When Christ tumbles down a set of stone steps under the weight of the cross, the sensation invoked in The Duke’s stomach was next to sickening.
This is, in effect, the perfect response to accusations of inhumanity in the film. I, for one, felt nothing but intense sorrow throughout the ordeal. And it is an ordeal. From the trial and mocking to the final piercing of the side, the humiliation and torture clock in at least an hour and a half’s worth of screen time. Whether or not you wish to endure such an assault on the emotions is a matter for personal consideration. When Christ cries for the forgiveness of his persecutors, as nails are driven through bloodied, broken hands, the sorrow is overwhelming. Surely the inhumanity lies in the likes of Kill Bill, (which The Duke loved regardless), with its parade of mutilated samurai evoking cheers of approval rather than mournful regret.
The idea being tossed around in some quarters, that this is nothing more than a two-hour extravaganza of barbaric torture, is, as far as The Duke is concerned, painfully short-sighted.
It is true that there are moments when the spectacle threatens to overcome the motive – to wit, blood splattering the camera lens, and a particularly unpleasant visit from a crow.
But again, these moments are countered by the tranquillity of the intercut flashbacks. Perhaps the greatest of these is a simple conversation between Mary and Jesus about a recently crafted Dining-Table. Maia Morgenstern is quietly brilliant in the role of The Mother Of Christ, certainly a more rewarding performance than her reading of Woman At Fountain in Dark Prince – The True Story Of Dracula.
In fact, it is mostly through Mary’s eyes that the events leading to the crucifixion take place. She serves as the human respite from the near-inhuman barbarity on display elsewhere, and yet her gaze lingering on the broken, mutilated body of her son makes the scenes infinitely more poignant.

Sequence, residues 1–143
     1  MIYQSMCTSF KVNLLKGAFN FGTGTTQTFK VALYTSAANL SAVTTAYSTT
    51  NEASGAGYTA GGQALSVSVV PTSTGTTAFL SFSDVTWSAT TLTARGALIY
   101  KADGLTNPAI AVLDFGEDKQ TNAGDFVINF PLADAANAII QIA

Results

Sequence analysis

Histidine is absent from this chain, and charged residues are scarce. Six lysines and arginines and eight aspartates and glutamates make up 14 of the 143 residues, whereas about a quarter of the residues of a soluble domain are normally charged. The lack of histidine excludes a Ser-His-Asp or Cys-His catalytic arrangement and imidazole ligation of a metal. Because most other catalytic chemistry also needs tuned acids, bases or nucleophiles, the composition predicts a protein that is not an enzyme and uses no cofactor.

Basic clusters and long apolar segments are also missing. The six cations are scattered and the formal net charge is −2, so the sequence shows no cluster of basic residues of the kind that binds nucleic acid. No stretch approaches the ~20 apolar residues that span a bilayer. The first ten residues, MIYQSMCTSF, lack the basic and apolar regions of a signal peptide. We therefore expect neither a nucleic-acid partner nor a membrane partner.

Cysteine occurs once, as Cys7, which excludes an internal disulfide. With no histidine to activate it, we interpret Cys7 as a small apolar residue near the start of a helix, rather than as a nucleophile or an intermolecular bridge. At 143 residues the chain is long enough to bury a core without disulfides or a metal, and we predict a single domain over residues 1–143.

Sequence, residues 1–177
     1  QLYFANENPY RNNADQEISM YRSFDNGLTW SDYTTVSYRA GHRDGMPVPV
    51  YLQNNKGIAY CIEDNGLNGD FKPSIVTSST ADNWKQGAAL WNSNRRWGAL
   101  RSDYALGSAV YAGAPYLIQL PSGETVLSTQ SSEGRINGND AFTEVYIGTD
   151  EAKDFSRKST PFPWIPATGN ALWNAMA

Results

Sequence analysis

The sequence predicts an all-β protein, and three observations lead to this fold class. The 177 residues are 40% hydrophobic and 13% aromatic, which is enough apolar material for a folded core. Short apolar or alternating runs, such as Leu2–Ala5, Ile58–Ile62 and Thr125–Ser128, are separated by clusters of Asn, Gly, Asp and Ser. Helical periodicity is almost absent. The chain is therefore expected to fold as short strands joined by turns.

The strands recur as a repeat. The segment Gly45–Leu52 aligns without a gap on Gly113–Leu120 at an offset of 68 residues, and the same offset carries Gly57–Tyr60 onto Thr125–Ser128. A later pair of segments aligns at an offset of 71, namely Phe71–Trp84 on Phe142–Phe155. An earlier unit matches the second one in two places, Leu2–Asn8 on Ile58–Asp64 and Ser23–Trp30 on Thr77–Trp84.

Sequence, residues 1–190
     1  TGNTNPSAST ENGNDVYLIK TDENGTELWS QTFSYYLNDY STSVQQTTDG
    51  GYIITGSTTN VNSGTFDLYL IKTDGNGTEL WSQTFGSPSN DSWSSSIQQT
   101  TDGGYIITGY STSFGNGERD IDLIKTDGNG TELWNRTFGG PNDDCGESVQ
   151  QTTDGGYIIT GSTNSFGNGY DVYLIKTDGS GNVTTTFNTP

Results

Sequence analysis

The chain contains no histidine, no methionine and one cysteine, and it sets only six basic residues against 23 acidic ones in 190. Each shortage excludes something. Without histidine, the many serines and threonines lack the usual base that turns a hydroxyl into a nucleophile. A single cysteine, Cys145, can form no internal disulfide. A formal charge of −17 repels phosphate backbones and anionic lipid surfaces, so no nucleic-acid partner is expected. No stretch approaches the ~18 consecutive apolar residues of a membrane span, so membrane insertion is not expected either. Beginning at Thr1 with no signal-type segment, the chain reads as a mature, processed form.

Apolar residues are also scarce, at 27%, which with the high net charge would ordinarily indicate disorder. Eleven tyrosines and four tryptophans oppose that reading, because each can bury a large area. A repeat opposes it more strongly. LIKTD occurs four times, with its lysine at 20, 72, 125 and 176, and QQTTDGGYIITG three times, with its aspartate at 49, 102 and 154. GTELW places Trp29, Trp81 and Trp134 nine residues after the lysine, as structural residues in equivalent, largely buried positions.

But what of the Anti-Semitic content, Duke?
Right. I’m not gonna waffle on about it, because there’s already plenty of that on plenty of other sites, and one could add to this the fact that I don’t speak Latin, nor, indeed, Aramaic, and can therefore comment none regarding the infamous “Blood on our children” remark, and the context of it in the film, since I didn’t know when it was said. What I will add regarding this is that the film, to me, does not reek of Anti-Semitic hatemongering as some have suggested, and to be honest, a lot of the claims of such have had more to do with Hutton Gibson, Father Of Braveheart, and his deliriously ignorant gabbing, than anything onscreen. When the man who is asked to assist in the carrying of the cross has the words, “You go now, Jew!” hissed into his ears with derisory contempt on account of his refusal to participate any further in the atrocity, it is a tad hard to swallow the Anti-Jewish accusations.
But there is one problem which does feel painfully inappropriate, and which The Duke would have preferred to have been excised completely. The last five minutes of the film are practically abominable. A sequence beginning with the formation of a CGI raindrop, moving on to some mild-mannered city rumbling, via a brief jaunt to hell and back in time for the resurrection, is next to laughable, and completely out of touch with all that has gone before it.
Better it had ended as The Duke hoped, on that heartbreaking, gorgeous shot of Mary cradling the lifeless body of her son, staring beyond the camera, beyond the audience, in a veil of incomprehension.
The Passion Of The Christ is beautiful, transcendent and heart-felt, boasting a talented “Action”-shouter in Mel Gibson – a genius, painterly Cinematographer in Caleb Deschanel who has finally found a vehicle worthy of his talents, after such middling affairs as The Patriot and It Could Happen To You – and a cast full of tremendous actors and actresses, reaching a divine plateau of some nature in Caviezel’s hypnotic, heartbreaking performance.
For more of The Duke’s inane gabbling, head on over to Mondo Irlando.